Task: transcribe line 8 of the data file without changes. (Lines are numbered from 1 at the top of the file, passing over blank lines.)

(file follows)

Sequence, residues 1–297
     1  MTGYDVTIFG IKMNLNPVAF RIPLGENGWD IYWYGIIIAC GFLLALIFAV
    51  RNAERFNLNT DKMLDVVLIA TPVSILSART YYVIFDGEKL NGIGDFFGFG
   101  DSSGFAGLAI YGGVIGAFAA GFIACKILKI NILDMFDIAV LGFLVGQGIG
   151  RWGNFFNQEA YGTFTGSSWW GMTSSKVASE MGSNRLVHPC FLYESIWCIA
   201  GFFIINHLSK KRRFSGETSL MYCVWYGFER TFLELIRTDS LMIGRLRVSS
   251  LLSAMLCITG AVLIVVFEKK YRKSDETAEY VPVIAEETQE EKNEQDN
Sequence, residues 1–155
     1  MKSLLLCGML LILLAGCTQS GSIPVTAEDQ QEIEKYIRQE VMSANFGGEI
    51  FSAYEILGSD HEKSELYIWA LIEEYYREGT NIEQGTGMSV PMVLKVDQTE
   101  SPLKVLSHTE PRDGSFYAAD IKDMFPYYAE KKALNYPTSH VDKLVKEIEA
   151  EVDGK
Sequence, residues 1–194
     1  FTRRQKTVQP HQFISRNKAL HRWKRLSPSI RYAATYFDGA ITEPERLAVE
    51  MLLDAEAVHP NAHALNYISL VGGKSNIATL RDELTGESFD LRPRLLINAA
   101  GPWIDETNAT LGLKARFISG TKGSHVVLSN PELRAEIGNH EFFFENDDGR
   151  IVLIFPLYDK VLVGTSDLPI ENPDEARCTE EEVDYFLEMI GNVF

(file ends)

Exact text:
Sequence, residues 1–155